Linguistics and English Language

Edinburgh Speaks

Looking at variation in speech and language use in Edinburgh

Edinburgh is very diverse when it comes to its speech and language use. While some say they can recognise and even imitate an accent that they call 'Edinburgh English', the truth is that there are many people born, raised, and living in Edinburgh who don't necessarily speak in that way. Some might would say that they speak 'Scottish' or 'Scots', not 'English'. Some would say that they speak 'Scottish English'. Others might describe their speech as 'British English'.

Regardless of what we call the way we talk, the people of Edinburgh come from a wide array of different backgrounds and experiences, and these have shaped the way they use language. It's that very diversity that we aim to document, describe, and analyse in this project.

In this project we are asking the following questions, among others:

  • When a child is raised in Edinburgh, what factors predict what accent or dialect that child will grow up with? Do dialects (differences in words and grammar) vary the same way accents do?
  • What features distinguish Edinburgh from Glasgow? From Fife? from Musselburgh? How have those features changed over time?
  • Do different Edinburgh neighbourhoods have distinct ways of speaking?
  • How do people in Edinburgh describe the way they speak? How many different definitions are there, and why?

We are currently analysing those speakers in the Edinburgh Speech Production Facility Corpus who are from the Edinburgh area.

Edinburgh Speech Production Facility Corpus

People

The team behind Edinburgh Speaks are all members of the language variation and change research group.

Language variation and change research group

Publications

  • Hall-Lew, Lauren, Inês Paiva Couceiro, and Amie Fairs. 2020. Credibility Without Intelligibility: Implications for Hearing Vernacular Speakers. In Renée Blake and Isabelle Buchstaller (eds.), The Routledge Companion to the Work of John R. Rickford, pp. 220-230. New York and London: Routledge.
  • Elliott, Zuzana. 2018. Sociolinguistic variation among Slovak immigrants in Edinburgh, Scotland. PhD thesis, The University of Edinburgh, Edinburgh, UK.
  • Dickson, Victoria and Lauren Hall-Lew. 2017. Class, Gender and Rhoticity: The Social Stratification of Non-prevocalic /r/ in Edinburgh Speech. Journal of English Linguistics. 45(3): 229-259.
  • Elliott, Zuzana and Lauren Hall-Lew. 2015. Production of FACE and GOAT by Slovak and Czech immigrants in Edinburgh. In The Scottish Consortium for ICPhS 2015 (Ed.), Proceedings of the 18th International Congress of Phonetic Sciences. Glasgow, UK: the University of Glasgow. ISBN 978-0-85261-941-4. Paper number 808.
  • Hall-Lew, Lauren, Amie Fairs, and Alan A. Lew. 2015. Tourists Attitudes towards Linguistic Variation in Scotland. In Eivind Torgersen, Stian Hårstad, Britt Mæhlum and Unn Røyneland (eds.), Language variation - European Perspectives V, Studies in Language Variation (SILV) series, pp99-110. Amsterdam & Philadelphia: John Benjamins Publishing Company.
  • Lew, Alan A., Lauren Hall-Lew, and Amie Fairs. 2014. Language and Tourism in Sabah, Malaysia and Edinburgh, Scotland. In O'Rourke, Bernadette, Nicola Bermingham and Sara Brennen, Eds. Opening New Lines of Communication in Applied Linguistics: Proceedings of the 46th BAAL Annual Meeting, pp253-259. London: Scitsiugnil Press.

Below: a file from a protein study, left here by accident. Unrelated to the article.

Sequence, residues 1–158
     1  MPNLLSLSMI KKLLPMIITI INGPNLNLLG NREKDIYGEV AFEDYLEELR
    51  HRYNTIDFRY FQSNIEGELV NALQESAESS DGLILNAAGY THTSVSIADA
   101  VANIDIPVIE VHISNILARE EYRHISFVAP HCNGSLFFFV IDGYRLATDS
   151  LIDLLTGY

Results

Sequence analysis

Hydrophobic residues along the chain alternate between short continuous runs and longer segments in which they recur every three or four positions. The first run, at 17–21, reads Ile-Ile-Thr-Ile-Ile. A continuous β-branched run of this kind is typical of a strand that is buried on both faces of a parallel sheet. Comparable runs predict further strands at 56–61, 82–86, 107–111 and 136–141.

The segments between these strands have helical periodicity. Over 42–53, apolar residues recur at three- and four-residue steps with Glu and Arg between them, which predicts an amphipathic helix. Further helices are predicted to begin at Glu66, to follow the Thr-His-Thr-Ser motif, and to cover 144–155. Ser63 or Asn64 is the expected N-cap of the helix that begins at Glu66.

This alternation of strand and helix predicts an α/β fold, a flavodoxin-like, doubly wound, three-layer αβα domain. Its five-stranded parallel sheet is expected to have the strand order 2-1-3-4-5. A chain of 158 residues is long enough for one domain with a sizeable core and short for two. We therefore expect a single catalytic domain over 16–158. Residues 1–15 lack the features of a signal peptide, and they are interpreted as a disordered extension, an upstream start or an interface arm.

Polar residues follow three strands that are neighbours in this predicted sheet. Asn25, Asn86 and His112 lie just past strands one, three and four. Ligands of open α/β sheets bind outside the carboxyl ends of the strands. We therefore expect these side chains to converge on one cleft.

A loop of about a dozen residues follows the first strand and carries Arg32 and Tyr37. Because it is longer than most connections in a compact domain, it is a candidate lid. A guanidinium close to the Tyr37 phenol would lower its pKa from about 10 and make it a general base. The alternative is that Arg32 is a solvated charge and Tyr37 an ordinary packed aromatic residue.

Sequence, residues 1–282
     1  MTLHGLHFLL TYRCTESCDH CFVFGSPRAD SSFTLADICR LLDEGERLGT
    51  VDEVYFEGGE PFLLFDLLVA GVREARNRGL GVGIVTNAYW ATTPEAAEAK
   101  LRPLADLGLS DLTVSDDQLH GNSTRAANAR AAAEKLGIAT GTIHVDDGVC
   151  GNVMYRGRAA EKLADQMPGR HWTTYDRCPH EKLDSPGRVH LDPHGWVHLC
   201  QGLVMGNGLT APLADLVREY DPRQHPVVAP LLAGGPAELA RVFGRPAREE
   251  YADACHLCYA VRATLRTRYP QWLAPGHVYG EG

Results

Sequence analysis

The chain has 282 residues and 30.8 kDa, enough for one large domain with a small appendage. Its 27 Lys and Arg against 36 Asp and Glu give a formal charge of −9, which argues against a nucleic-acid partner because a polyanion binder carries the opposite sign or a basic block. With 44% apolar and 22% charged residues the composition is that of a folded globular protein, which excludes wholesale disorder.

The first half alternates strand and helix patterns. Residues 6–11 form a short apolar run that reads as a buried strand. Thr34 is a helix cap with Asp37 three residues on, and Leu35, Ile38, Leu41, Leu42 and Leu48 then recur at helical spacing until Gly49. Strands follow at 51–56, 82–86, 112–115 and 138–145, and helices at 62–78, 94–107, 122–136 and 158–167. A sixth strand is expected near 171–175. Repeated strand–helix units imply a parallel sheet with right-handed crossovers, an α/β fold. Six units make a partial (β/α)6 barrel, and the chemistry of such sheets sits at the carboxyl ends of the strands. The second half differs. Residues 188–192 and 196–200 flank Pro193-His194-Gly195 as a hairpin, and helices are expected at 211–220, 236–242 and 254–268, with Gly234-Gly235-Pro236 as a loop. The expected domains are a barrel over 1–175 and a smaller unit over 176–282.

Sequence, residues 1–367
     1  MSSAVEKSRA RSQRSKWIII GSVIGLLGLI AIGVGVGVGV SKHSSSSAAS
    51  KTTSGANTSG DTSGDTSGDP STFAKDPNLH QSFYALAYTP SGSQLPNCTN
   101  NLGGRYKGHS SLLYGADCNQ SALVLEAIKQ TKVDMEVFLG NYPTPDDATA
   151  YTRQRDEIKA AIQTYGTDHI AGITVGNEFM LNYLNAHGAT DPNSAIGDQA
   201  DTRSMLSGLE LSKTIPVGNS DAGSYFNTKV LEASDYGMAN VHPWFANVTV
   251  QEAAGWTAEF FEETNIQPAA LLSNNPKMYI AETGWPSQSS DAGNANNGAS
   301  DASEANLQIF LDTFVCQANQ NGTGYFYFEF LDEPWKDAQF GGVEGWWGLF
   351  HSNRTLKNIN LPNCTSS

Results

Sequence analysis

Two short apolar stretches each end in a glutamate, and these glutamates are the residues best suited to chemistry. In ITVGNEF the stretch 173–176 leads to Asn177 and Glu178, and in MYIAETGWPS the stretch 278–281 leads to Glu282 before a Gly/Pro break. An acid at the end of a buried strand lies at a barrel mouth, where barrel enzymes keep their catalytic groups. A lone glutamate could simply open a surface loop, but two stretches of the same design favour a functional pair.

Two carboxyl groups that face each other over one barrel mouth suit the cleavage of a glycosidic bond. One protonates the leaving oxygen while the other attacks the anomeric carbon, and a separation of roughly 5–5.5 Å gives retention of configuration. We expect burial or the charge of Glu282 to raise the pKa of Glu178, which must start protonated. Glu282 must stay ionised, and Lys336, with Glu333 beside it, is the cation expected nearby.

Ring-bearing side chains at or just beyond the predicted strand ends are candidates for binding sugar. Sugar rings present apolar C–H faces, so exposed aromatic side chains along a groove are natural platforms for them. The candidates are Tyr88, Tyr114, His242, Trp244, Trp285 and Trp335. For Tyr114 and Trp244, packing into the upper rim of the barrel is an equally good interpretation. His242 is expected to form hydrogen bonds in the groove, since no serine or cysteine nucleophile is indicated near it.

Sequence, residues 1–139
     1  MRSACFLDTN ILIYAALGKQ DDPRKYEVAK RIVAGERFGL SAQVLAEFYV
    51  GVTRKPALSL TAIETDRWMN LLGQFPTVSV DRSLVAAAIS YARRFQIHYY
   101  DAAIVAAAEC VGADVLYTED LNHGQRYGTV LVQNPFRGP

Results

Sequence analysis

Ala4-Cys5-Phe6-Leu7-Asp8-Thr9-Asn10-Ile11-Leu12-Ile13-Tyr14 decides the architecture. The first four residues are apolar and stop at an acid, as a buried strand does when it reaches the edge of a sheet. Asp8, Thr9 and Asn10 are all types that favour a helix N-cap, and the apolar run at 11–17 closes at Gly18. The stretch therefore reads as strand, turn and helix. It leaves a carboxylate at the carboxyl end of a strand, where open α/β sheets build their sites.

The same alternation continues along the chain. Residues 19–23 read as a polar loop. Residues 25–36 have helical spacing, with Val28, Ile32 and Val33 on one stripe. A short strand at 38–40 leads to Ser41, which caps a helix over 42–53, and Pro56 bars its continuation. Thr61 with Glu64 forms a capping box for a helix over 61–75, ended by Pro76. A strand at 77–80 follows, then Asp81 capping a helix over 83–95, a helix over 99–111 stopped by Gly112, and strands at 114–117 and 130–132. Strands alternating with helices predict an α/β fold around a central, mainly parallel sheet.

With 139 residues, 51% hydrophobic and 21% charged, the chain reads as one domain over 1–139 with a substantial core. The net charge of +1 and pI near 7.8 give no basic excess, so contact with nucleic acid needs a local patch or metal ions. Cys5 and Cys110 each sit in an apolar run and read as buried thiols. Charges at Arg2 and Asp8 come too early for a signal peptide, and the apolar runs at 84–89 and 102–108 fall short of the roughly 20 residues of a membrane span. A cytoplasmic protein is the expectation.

• Rosseel, Laura. 2013. Language attitudes towards Scots words in Edinburgh. MSc by Research thesis, The University of Edinburgh, Edinburgh, UK.

Presentations (on different topics than the papers above)

  • Papineau, Brandon and Lauren Hall-Lew. 2019. Hooked on Celebri[R]y: Intervocalic /t/ in the Speech and Song of Nina Nesbitt. New Ways of Analyzing Variation 48 (NWAV48). 10–12 October, Eugene, OR, USA.
  • Hall-Lew, Lauren, Brandon Papineau, Nina Markl, and Matthew Sung. 2019. Regional and Social Variation in Scottish T-glottaling. The 12th UK Language Variation and Change (UKLVC). 3–5 September. London, UK.
  • Fruehwald, Josef, Lauren Hall-Lew, Claire Cowie, Zac Boyd, Mirjam Eiswirth, and Zuzana Elliott. 2019 A Phonetic Analysis of the which witch merger in Edinburgh, Scotland. The 12th UK Language Variation and Change (UKLVC). 3–5 September. London, UK.
  • Fruehwald, Josef, Lauren Hall-Lew, Claire Cowie, Zac Boyd, Mirjam Eiswirth, and Zuzana Elliott. 2019. A Phonetic Analysis of the which witch merger in Edinburgh, Scotland. The 10th International Conference on Language Variation in Europe (ICLaVE). 26–28 June, Leeuwarden/Ljouwert, The Netherlands.
  • Hall-Lew, Lauren. 2016. Packaged Place: Tour guides, tourists, and the commodified negotiation of nativeness. Part of the colloquium: ‘Place and Mobility in Sedentaristic Europe’. Sociolinguistics Symposium 21, 15–18 June, Universidad de Murcia, Spain.
  • Kirby, James and Lauren Hall-Lew. 2015. Studying socially stratified linguistic variation in the Edinburgh Phonetics Recording Archive. Modeling variability in speech. 1–2 October, Stuttgart, Germany.

Related projects

This project is based in Linguistics and English Language, in the School of Psychology, Philosophy, and Language Sciences (College of Arts, Humanities, and Social Sciences).

Related projects include:

The Voicebank Project: personalised voices for communication aids

Sound Comparisons: accents of English from around the world

Sounds of the City: a project on speech sounds in Glasgow

SCOTS: Scottish Corpus of Texts & Speech

CMSW: Corpus of Modern Scottish Writing